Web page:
Abstract

Semiconductor crystals possessing inversion symmetry (Si, Ge) are known to have a rather weak second-order nonlinearity of the quadrupole type [ Phys. Rev. Lett. 51, 1983 ( 1983)], since the electric-dipole contribution is forbidden by symmetry. We report the experimental observation of anomalously highly efficient second-harmonic generation (SGH) in reflection from the surface of Si under inhomogeneous deformation. This effect is believed to be due to an electric-dipole contribution to the second-order susceptibility induced in the near-surface layer by inhomogeneous mechanical stress. This fact is consistent with theoretical calculations based on the molecular sp3-orbital model. Experimentally we observed an increase in the second-harmonic intensity by more than 2 orders of magnitude and a modification of the second-harmonic intensity dependence on crystal orientation with respect to the surface normal in the case of ion-implanted, pulsed-laser-annealed Si (111) samples. A similar effect was observed with thermally oxidized Si wafers and silicide-on-cSi structures. These results demonstrate the sensitivity of SHG in reflection to the presence of inhomogeneous stress in Si surface layers, which enables one to use SHG for nondestructive monitoring of stress in semiconductor structures.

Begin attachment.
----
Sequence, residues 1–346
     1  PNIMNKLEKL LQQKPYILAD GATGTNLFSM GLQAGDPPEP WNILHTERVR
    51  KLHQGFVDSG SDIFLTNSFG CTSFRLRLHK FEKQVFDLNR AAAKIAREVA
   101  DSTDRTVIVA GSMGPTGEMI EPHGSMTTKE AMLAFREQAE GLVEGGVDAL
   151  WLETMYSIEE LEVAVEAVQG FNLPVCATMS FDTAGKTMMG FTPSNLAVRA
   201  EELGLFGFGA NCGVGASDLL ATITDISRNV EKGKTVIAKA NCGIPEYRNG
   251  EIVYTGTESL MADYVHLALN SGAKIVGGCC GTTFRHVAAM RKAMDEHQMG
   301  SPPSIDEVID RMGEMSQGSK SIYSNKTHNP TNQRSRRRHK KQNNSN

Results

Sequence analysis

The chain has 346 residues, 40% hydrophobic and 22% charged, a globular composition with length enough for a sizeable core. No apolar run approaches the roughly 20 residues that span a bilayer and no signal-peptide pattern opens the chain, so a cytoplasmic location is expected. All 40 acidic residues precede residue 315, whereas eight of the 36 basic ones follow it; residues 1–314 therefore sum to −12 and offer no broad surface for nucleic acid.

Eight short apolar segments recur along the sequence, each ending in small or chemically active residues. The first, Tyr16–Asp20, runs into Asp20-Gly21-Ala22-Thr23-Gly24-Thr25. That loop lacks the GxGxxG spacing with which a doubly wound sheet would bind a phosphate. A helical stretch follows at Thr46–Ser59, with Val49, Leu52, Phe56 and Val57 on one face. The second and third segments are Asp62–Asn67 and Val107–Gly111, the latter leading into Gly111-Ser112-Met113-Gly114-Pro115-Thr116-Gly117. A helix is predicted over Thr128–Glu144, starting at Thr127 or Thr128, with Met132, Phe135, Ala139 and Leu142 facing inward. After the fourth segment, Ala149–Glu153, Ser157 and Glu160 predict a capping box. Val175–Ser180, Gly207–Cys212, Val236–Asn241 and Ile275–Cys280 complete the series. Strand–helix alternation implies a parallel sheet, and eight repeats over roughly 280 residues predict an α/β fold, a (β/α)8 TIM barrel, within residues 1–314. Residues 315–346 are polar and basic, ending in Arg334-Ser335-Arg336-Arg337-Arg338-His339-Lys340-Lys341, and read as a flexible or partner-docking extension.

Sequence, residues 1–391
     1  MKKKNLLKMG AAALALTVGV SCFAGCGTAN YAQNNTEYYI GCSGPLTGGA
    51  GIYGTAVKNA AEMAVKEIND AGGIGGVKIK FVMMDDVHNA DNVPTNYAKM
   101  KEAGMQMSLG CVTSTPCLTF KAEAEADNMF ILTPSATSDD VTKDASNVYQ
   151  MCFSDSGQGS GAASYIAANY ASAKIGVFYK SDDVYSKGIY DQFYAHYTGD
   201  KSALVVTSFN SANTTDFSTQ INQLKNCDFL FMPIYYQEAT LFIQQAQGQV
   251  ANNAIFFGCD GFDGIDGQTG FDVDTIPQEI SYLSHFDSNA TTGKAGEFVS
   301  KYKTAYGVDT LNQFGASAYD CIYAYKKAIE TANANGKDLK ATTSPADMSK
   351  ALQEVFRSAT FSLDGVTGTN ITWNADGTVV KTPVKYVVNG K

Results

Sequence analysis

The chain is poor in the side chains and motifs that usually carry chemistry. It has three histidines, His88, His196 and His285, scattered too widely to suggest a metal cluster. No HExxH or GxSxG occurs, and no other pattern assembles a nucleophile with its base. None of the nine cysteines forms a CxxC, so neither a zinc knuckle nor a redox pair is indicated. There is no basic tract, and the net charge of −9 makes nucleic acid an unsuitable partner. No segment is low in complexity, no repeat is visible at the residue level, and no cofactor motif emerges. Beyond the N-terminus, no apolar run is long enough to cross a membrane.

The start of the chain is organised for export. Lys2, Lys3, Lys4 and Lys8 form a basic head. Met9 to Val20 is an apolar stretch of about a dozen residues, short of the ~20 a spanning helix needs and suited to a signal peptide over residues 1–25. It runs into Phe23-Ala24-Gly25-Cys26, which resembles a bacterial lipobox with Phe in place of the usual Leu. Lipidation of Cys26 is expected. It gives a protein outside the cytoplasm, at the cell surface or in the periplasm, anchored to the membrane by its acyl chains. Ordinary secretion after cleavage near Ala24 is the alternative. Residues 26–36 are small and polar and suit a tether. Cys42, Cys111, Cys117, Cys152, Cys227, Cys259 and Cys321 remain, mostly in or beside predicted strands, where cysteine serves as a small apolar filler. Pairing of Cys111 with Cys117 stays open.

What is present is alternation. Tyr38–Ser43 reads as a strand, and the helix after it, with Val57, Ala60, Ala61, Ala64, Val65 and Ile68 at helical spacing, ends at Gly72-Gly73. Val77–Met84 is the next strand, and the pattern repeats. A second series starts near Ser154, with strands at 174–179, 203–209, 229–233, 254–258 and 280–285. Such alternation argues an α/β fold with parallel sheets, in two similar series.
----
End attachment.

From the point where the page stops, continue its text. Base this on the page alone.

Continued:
© 1989 Optical Society of America

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